The college and combine experience arguably made Cameron. If that didn’t exist he’d have been flushed at 18 because he was not in the YNT pipeline, not in a MLS academy, etc.

    I’d agree that our talent scouting is hit and miss (and I’m particularly concerned about the dearth of backline talent coming up), but at some level that’s reality for everyone worldwide, and I don’t think late bloomers per se prove much of anything about the system.

    I think the problem is that the system is not truly professionalized from U10 up, the academies are no better than club teams like I came from, there is a college gap for most, and I don’t think the MLS teams take the lead in producing their own first teams. To me they cherry pick and use their rules to grab players. The Dynamo barely play their homegrowns. Until that stops, that’s your real development issue.

    I also think that college does an adequate job of producing players, and many of the rejects can use the degree gained in the process. The real problem to me is, again, MLS turns many of their “academicians” over to college to work with for 1-4 years. Only so many 18 year olds are signing deals and moving straight into the league. That’s how most of the rest of the world works.

    But even if that happened, college is still a boon in sports like baseball where many people turn pro at 18. Granted, shorter careers, but sometimes also more mature and technically sound players.

    And do you really believe teams around the world don’t lock in their young players? What do you think all those loans and transfers are about? Even the players they don’t develop well are “assets” they can ship off to Gillingham until they give up or the contract runs out. And if a player was of Cameron’s quality I guarantee you they’d hold them to their contract, just like Fellaini’s going to have lot of luck leaving Everton this soon, Dempsey, etc. People are like willfully naive about how easy Europe lets go. They might release a 30 year old who’s been there forever, or a kid who’s been loaned everywhere and they quit on, but if they had a talent they’d play transfer hardball too.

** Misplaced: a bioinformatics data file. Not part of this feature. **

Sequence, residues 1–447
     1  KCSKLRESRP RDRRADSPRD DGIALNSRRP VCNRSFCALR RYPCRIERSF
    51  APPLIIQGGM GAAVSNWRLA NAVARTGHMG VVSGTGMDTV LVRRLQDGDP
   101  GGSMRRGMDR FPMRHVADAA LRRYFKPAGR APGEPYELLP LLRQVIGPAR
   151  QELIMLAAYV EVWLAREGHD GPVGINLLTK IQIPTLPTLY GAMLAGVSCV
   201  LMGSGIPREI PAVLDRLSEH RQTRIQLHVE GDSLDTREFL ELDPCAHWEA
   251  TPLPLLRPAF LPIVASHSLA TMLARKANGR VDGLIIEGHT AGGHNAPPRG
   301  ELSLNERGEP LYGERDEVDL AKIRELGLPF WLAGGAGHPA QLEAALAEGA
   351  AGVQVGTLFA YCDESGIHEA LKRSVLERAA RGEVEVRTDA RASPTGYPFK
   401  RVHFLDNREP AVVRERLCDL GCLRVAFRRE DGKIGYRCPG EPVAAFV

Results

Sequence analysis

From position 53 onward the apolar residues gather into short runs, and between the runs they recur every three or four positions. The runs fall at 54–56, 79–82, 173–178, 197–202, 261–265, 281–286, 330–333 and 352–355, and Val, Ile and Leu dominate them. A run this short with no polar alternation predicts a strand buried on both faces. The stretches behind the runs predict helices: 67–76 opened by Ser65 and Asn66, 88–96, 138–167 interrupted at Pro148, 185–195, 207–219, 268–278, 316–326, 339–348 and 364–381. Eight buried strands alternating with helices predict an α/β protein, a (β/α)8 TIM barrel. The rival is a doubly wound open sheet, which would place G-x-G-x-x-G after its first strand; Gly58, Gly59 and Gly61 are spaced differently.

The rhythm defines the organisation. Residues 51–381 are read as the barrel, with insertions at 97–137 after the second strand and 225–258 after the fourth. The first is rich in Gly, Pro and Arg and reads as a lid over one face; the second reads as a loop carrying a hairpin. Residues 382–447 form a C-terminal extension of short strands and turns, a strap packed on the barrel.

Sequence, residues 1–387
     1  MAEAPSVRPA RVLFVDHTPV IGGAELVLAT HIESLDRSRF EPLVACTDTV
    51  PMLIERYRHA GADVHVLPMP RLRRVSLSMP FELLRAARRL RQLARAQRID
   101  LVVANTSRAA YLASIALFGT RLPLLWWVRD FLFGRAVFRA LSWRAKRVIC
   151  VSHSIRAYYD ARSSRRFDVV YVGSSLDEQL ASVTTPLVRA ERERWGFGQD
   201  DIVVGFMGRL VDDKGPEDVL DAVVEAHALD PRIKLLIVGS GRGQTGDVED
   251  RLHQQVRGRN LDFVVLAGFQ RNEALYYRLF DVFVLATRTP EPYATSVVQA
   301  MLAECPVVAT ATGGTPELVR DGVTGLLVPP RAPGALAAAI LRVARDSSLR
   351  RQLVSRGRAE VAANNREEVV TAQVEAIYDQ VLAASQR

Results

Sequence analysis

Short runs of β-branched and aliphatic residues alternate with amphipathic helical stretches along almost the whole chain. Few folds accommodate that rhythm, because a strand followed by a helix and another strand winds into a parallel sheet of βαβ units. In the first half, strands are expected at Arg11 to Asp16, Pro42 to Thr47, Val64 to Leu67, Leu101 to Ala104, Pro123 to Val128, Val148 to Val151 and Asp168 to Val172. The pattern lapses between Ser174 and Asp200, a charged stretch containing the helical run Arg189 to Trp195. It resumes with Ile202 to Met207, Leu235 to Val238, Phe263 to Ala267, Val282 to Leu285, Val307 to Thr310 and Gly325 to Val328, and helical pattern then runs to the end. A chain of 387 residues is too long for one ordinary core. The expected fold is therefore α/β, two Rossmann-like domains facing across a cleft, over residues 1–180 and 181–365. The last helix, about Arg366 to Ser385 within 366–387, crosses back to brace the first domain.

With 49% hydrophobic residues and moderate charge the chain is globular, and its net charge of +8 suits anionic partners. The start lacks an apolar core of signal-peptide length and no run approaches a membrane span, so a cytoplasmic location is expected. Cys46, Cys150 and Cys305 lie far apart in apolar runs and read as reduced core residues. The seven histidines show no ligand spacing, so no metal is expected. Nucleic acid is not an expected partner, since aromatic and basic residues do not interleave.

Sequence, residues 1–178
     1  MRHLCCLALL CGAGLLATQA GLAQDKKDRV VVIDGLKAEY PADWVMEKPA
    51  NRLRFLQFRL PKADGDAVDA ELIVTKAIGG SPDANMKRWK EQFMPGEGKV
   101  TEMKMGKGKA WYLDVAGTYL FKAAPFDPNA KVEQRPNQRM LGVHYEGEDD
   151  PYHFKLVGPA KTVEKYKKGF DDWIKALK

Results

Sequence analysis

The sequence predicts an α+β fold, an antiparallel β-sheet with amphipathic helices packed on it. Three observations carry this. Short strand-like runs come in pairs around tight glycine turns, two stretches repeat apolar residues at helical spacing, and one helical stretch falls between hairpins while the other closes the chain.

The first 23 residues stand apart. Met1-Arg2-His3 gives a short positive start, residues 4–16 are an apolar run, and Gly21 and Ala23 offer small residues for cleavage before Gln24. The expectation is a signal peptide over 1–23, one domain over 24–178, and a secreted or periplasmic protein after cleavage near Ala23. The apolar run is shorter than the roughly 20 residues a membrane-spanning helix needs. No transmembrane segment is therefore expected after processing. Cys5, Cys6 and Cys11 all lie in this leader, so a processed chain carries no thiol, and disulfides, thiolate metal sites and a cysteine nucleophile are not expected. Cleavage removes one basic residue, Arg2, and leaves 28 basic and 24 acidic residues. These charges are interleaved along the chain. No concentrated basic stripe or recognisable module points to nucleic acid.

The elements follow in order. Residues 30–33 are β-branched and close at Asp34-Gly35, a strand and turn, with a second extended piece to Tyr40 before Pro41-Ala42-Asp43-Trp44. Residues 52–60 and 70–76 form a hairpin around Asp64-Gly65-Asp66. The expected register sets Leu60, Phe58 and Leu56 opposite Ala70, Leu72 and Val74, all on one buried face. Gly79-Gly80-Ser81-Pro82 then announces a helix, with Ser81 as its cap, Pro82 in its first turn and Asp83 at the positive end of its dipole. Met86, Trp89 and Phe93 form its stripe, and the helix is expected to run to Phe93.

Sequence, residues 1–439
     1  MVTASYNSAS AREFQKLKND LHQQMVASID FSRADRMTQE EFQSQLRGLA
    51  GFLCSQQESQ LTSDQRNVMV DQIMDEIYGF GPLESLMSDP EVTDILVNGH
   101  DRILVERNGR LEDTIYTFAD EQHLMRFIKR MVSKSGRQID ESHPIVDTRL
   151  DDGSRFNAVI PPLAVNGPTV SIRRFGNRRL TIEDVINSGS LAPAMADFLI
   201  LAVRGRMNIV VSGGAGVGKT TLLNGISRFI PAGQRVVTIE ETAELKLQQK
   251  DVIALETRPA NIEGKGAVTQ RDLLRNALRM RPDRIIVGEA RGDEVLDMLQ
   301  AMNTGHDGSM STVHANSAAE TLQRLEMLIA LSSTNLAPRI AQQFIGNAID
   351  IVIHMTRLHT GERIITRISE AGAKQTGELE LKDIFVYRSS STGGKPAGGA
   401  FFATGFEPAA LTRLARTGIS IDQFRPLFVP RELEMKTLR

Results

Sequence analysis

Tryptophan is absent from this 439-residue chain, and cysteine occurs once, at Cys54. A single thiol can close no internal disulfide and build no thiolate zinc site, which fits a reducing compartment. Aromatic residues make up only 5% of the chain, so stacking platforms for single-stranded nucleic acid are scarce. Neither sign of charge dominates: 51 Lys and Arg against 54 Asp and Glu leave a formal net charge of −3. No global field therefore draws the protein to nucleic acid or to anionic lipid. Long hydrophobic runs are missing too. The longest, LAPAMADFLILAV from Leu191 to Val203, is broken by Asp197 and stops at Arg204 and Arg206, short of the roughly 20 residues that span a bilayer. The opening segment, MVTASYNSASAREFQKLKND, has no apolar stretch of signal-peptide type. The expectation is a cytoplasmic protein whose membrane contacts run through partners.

And, ironically, if we have players in demand then that kind of undercuts your development complaints, donnit? Ain’t completely broken if people are buying…

  9. Nate Dollars says:

    “I understand the concept of late bloomers, but a NT shouldn’t be full of them.”

    Why not? I mean, I like to get excited over the next kid as well as anybody else, but it’s all about the amount of miles on a players legs, right?

    I’m not sure it’s better to be dependent on 19- to 25-year-olds than on 26- to 32-year-olds, as long as their fitness is comparable.

  10. tom says:

    If I’m not mistaken Klinsmann had previously played Zusi more centrally, more defensively. He’s better wider as an attacker or distributor.

  11. Seriously says:

    Speak for yourself Franco. I have been a fan of Zusi for some time. I have been calling for him over Beckerman for months on the site. He is a creative presence with vision and skill. Very good player with a high motor. He has taken over from Stu Holden as my favorite MLS player.

  12. Seriously says:

    I dunno about Rolfe. We already have our 30 year old forward in Gomez and he is way better than Rolfe. If Rolfe were younger and had room to grow I would agree, but he is what he is.